In terms of 12V power, the Rhapsody comes from the factory with a decent system that can be well and truly upgraded according to your needs and budget. As standard, it has dual 105Ah AGM batteries, dual 120W solar panels, a 300W pure sine wave inverter, a 25A DC-DC charger and MPPT solar regulator. Water wise, it has dual 75L fresh water tanks and a 39L grey tank.
Our Rhapsody was fitted with the so-called 1st Edition Pack. Among the extensive list of features included in this pack, it received a 130L water tank upgrade on the standard 75L and a complete Redarc upgrade to the electrics, including a 700W inverter and Redarc RedVision control hub.
INSIDE TRACK TRAILER T4 RHAPSODY
At first glance, the T4 Rhapsody looks on the ‘slim’ side. True, at 1990mm, it is narrower than any caravan, allowing it to travel neatly behind the 4WD. Furthermore, it is a perfectly acceptable 1811kg Tare (as reviewed), with an ATM of 2500kg – perfect for the Prado owners out there.
The layout incorporates a queen-size bed in the nose of the van, followed by two facing seats, a small kitchen tucked into the rear offside corner and a bathroom in the opposite corner. But this van has a few tricks up its sleeve.
First, the dinette table. It’s another Track custom job that almost effortlessly slides out from under the bed before lifting into position on a special arm.
What about the central locking system for the internal cupboard doors? Yes, central locking. Push a button on the Redarc RedVision control unit and you’ll hear the locks engage – say goodbye to spilled cupboard contents. This feature, however, only works on internal cupboard doors at this stage. It would be brilliant if, in the future, it extended to the external lockers.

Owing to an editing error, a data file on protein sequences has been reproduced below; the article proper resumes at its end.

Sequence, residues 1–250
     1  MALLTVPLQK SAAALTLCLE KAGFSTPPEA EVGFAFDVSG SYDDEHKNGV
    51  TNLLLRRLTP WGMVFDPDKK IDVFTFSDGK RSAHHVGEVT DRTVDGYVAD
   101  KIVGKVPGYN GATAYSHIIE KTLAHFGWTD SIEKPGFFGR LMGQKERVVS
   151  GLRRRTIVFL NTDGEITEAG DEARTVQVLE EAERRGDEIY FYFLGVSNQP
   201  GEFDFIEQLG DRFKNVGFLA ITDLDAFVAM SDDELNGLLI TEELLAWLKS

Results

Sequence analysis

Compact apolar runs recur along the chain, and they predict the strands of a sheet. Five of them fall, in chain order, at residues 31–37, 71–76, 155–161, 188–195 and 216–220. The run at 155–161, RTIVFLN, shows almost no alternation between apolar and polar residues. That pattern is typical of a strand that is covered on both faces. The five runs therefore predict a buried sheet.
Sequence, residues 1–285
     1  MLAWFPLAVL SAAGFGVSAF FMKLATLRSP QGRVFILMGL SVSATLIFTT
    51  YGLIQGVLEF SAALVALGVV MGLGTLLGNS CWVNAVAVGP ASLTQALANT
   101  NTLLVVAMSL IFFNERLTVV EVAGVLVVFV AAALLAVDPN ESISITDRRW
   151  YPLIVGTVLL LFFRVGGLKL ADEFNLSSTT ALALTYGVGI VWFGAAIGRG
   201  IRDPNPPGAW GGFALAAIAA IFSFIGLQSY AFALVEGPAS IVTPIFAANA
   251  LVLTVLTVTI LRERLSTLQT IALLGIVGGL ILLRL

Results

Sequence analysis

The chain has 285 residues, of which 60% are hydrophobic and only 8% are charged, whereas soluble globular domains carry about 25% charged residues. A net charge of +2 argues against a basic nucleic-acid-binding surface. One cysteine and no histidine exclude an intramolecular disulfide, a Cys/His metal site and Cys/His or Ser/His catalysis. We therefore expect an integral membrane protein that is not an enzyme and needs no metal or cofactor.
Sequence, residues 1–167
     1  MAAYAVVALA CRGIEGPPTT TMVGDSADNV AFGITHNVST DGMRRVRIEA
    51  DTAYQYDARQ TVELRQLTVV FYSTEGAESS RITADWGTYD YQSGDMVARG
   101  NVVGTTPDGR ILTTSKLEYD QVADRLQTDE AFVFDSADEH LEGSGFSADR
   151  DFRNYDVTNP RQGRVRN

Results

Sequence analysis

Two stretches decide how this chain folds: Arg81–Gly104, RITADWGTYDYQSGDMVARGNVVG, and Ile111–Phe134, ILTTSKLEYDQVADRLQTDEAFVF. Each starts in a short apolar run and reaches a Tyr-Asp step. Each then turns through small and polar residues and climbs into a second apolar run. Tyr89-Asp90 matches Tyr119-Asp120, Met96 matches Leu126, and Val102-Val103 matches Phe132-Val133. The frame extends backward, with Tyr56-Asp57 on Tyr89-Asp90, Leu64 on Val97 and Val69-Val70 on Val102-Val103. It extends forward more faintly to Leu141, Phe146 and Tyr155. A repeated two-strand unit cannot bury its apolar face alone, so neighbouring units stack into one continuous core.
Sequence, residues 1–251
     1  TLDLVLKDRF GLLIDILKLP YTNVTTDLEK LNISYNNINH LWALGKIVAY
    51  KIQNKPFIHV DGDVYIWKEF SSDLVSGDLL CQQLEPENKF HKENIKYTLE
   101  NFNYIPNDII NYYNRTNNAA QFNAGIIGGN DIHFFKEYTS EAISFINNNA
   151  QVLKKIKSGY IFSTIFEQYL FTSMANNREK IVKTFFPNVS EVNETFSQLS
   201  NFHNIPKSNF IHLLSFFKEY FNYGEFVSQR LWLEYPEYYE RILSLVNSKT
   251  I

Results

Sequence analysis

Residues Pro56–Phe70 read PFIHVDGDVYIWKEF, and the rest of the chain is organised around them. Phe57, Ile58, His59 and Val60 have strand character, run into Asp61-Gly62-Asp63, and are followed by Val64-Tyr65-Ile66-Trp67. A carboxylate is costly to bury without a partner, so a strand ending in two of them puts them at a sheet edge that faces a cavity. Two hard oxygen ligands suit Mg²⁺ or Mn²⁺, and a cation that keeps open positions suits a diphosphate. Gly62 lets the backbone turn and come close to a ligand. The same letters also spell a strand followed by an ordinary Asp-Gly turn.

The bathroom is made of moulded fibreglass and contains a neat drainage system connected to the grey water tank. Equally neat are the bathroom wall extension pieces for complete privacy.
This review only scratches the surface of what is a highly engineered and refined unit. Is it perfect? That depends on your definition. I, for one, think it comes pretty close.
However, all of this precision and technology comes at a cost. In base format, the Rhapsody will run you $109,000, while you can expect to pay $123,500 if you fit it with Track Trailer’s ‘1st Edition’ pack (based on Victorian delivery).
For the money, you might expect to find air-con and a few other niceties as standard. But air-con and a vast range of other options can be fitted separately for a price.
The adage ‘you get what you pay for’ comes to mind. And with the T4 Rhapsody, which sets a new benchmark in the hybrid market, what you get is very good indeed.
FIT AND FINISH –
HITS & MISSES
Overall length: 6.58m
External body length: 4.59m (excluding front and rear pods)
External width: 1.99m
Internal height: 2.07m (roof up)
Travel height: 2.55m
Unladen ball weight: 108kg
Group axle capacity: 2500kg
Body: Aluminium sandwich panels with fibreglass roof and front/rear pods
Suspension: MC2-R Asymmetric Link independent offroad
Brakes: 12in electric
Wheels: 16in alloy
Fresh water: 1x75L; 1x130L (1st Edition pack upgrade)
Grey water: 1x39L
Awning: Electric roll-out
Battery: 2x105Ah AGM with optional 700W inverter
Sway control: No
Cooking: Four-burner Thetford cooktop with griller.
Refrigeration: 130L Isotherm compressor; optional 40L external drawer fridge
Microwave: No (optional)
Shower: Variable height
Washing machine: No
Lighting: 12V LED
Hot water: 14L gas-electric
Entertainment: 24in LED TV; Fusion portable speaker
External 40L drawer fridge
Full Tvan kitchen
1st Edition pack
Base price: $109,000 (Vic)
With 1st Edition pack: $123,500 (Vic)